Initially, Scott's ambit was simply as a consultant to Kevin, but after a few weeks it became time to start to change things up. As the first step, three formerly separate technical groups - the team that ran the systems and networks, the technical support organization, and the internal MIS group - were merged together into a Technology department. Scott was then announced to the merged group as their interim vice president. This gave Scott a team of some 15 or so people, including three subordinate managers.

Posted by scott at 03:54 PM

February 09, 2006

Page 23

Since this was a consulting gig with a time-limited contract - 8 weeks with possibly a second 8 weeks - it wasn't going to be Scott's job to run this team indefinitely. He had two tasks; first, to identify major technical or personnel problems and fix them; second, to hire a full-time manager for the organization.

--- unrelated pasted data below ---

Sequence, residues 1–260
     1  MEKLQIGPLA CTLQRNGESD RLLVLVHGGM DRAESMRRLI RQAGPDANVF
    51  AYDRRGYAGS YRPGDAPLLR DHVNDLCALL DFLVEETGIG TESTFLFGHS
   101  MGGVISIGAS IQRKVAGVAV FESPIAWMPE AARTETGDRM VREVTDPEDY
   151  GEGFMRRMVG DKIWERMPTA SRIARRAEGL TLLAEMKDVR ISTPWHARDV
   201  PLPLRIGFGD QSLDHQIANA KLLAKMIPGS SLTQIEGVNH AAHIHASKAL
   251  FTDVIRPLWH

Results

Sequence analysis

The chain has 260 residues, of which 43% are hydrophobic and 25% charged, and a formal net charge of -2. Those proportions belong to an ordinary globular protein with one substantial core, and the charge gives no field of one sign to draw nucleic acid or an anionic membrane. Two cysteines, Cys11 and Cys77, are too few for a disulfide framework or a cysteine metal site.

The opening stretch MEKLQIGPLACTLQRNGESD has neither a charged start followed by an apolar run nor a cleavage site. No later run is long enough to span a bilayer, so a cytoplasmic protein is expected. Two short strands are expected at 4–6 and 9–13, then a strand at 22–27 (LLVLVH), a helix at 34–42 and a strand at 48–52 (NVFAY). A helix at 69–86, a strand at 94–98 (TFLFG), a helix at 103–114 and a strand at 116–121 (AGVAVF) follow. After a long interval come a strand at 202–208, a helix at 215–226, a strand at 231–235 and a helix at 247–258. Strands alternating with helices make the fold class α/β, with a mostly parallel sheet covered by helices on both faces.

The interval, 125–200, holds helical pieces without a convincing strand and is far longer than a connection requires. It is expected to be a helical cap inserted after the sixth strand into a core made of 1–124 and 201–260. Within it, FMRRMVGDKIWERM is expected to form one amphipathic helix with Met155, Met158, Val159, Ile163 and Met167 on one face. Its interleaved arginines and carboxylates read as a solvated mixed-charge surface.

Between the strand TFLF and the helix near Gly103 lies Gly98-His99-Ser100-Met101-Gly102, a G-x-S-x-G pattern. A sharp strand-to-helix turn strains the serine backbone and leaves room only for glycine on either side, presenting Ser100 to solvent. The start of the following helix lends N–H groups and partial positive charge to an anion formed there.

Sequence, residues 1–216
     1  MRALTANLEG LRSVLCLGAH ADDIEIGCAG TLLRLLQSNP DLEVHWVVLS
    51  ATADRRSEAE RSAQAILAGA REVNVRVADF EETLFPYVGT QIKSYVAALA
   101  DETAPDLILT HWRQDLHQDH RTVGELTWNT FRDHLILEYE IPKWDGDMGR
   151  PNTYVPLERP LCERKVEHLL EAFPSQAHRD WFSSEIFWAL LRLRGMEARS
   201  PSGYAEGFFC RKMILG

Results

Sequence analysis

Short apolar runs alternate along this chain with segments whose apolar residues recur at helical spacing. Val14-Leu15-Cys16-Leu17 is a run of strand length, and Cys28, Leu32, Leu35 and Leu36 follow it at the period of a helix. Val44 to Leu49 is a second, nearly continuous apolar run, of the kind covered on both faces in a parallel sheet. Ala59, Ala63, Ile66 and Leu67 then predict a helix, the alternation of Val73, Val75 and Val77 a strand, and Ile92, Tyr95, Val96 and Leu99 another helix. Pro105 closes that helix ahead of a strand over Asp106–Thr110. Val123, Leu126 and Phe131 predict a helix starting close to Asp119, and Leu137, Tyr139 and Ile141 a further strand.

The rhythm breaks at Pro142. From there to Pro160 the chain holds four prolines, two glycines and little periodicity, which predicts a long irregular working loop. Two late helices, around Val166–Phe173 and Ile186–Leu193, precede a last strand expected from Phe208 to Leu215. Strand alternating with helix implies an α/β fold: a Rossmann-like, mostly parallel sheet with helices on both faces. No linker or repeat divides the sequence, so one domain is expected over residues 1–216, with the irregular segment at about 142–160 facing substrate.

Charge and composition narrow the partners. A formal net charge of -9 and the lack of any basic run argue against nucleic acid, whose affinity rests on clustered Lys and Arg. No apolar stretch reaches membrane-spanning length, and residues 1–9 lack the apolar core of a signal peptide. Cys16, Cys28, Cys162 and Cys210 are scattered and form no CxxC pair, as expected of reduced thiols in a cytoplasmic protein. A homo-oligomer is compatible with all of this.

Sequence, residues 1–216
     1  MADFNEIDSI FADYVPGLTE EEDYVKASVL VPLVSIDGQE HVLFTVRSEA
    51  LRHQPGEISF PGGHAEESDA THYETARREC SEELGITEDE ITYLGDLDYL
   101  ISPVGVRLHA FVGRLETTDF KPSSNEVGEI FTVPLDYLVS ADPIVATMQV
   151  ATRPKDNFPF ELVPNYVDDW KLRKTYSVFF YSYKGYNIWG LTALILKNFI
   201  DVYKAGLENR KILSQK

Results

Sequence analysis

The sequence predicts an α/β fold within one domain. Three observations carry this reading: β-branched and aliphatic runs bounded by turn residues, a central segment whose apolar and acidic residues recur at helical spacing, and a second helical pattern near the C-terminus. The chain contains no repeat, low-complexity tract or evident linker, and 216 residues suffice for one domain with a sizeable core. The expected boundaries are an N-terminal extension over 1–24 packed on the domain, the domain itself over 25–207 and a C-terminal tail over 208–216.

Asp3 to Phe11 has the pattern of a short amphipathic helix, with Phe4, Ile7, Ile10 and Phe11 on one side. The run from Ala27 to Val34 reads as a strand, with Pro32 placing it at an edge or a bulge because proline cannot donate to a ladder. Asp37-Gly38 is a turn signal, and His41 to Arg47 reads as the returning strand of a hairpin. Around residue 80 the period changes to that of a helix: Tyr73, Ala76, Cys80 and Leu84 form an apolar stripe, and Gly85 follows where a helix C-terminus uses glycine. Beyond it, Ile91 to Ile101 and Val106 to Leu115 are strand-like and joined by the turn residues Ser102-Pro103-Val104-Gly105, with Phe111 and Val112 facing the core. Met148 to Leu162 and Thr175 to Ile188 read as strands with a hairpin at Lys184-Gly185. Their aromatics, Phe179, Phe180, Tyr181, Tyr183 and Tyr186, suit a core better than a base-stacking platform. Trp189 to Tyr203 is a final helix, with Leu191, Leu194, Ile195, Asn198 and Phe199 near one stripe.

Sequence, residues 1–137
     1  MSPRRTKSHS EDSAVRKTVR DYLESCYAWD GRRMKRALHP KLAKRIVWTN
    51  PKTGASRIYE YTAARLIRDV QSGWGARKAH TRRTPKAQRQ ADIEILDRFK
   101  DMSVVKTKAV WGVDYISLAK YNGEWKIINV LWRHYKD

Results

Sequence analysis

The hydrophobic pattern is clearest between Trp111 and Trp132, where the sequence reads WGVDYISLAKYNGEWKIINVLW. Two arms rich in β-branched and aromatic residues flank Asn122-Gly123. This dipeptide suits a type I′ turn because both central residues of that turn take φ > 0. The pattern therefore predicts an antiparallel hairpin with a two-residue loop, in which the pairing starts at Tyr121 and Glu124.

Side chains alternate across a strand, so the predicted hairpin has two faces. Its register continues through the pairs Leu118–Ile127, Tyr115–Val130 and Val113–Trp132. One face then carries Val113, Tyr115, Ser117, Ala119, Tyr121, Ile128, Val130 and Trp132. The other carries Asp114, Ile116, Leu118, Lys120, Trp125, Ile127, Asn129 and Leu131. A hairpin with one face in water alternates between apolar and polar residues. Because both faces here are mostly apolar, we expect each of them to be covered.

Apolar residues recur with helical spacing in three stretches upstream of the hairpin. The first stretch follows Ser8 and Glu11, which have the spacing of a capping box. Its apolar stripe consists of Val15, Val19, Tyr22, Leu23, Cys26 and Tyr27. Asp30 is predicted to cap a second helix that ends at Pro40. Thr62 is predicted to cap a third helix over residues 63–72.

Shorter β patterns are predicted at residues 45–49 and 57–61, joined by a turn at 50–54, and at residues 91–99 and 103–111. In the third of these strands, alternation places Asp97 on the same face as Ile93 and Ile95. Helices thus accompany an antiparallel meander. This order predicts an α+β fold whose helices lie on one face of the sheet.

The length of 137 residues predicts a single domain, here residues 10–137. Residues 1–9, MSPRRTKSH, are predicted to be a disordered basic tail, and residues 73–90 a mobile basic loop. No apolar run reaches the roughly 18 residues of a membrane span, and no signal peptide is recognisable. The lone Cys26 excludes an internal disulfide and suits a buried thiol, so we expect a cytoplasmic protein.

Now, any technical team that is worth its salt knows what the problems in their infrastructure are, and will have plans to take care of them. Where things break down at an ISP are either that the tech team isn't good, or the management doesn't listen to them, or there isn't money. It wasn't true which of the latter two was the case at AONL when Scott arrived, but the tech team had changes they wanted to make, and the first thing Scott did was just to facilitate having those happen.

One of the biggest problems to be resolved in the first two months was with Asia Online's backbone network. The backbone of an ISP is composed of the connections to bigger ("upstream") ISPs, and the size of the ISP's backbone, and the degree of fullness, is what will define the experience the users of that ISP have when they access external resources on the Internet.